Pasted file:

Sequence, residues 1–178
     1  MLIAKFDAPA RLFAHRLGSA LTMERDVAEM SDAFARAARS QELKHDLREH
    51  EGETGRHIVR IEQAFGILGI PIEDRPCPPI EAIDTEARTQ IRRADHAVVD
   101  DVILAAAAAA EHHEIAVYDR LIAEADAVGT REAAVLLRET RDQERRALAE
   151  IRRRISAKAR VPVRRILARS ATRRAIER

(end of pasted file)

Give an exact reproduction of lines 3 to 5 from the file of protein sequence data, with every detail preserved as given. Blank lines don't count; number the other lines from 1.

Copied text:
    51  EGETGRHIVR IEQAFGILGI PIEDRPCPPI EAIDTEARTQ IRRADHAVVD
   101  DVILAAAAAA EHHEIAVYDR LIAEADAVGT REAAVLLRET RDQERRALAE
   151  IRRRISAKAR VPVRRILARS ATRRAIER